Instead, we have a repeat of the same allegations. They are a misrepresentation based on a misunderstanding of the law, as I have set out clearly in the House of Commons Chamber and in a written document placed in the Library in reply to the hon. Member for Chipping Barnet. I repeat again: there was no illegal act, there was no illegal transfer of funds. The continued allegation that there was undermines the standing of the police and the security services who are responsible for such matters, and the wider credibility of the British regime against terror. On that basis, I am happy to give way.
I am delighted that the Economic Secretary has finally given way. I should make one thing clear: at no point was there an allegation about buying and selling property. My comments about Hamza buying property and his son selling it were carefully phrased.
Secondly, I did not say that the transaction was an illegal act. The Economic Secretary has missed the point. If it was not an illegal act at the time, why was it not, if the Government are clamping down on the transfer of terrorist assets? A valuable fixed asset was transferred between somebody who was accused of terrorist offences and a son who had been convicted of terrorist offences.
I am happy to answer the question again. Abu Hamza is an individual who is designated under UN law as a terrorist suspect. Therefore, under UN law, under EU law and under UK law, the transfer of resources to him—his receiving revenues—would be an illegal act. There is no evidence, as the hon. Gentleman now acknowledges for the first time, that such a transfer of resources to Abu Hamza occurred. It is true, as I have always accepted, that a property was transferred for nil value to his son, not to Abu Hamza, the designated individual who received no resource. The son is not a designated individual and it is not a criminal offence for him to receive an asset or property.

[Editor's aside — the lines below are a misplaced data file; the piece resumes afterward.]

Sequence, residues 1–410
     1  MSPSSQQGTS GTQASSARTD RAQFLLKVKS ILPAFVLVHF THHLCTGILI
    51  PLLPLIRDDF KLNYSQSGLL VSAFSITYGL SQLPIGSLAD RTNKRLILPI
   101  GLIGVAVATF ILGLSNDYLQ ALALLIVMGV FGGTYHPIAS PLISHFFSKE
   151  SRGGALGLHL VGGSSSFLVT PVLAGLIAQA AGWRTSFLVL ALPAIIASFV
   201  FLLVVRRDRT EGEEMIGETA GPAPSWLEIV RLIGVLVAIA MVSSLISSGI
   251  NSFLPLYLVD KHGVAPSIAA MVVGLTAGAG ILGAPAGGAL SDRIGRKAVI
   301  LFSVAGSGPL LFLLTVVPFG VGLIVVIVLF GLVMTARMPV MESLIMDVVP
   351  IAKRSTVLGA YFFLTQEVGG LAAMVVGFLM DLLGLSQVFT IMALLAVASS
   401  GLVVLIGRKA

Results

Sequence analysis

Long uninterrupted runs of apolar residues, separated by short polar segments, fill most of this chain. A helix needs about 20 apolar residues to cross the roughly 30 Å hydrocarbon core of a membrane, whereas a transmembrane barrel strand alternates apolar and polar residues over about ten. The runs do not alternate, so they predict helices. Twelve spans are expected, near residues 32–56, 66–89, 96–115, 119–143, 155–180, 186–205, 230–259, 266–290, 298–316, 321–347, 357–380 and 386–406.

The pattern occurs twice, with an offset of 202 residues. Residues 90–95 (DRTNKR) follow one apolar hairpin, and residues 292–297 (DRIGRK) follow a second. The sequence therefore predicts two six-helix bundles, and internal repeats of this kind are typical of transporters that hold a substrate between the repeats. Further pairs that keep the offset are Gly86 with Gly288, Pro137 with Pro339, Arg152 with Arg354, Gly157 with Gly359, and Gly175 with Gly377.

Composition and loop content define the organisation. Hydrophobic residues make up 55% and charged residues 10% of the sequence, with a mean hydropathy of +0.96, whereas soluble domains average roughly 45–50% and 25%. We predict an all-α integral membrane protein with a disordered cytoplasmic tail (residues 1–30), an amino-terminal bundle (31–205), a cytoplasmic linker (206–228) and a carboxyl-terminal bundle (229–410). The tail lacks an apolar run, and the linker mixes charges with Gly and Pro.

The hon. Gentleman makes allegations about so-called events that occurred in Yemen. Whether designation occurs is a matter of advice to us from the police and the security services, and at no point has any advice come to us that the son should be designated. Unless the designation is made, the law does not apply. We act not on the basis of hearsay and misrepresentation but on proper evidence from the police and the security services. In this case, it has not arrived—and it certainly has not arrived in this debate. Perhaps when I receive the letter from the hon. Gentleman I will see some evidence, but, as I have yet to receive any correspondence from him six weeks on, I begin to doubt whether I will receive such evidence.
In a classic way, the Economic Secretary is making allegations about allegations that have not been made, but I put a specific question to him: is he happy for people who are charged with terrorist offences to be able to transfer fixed assets at nil value? The implication is that he is.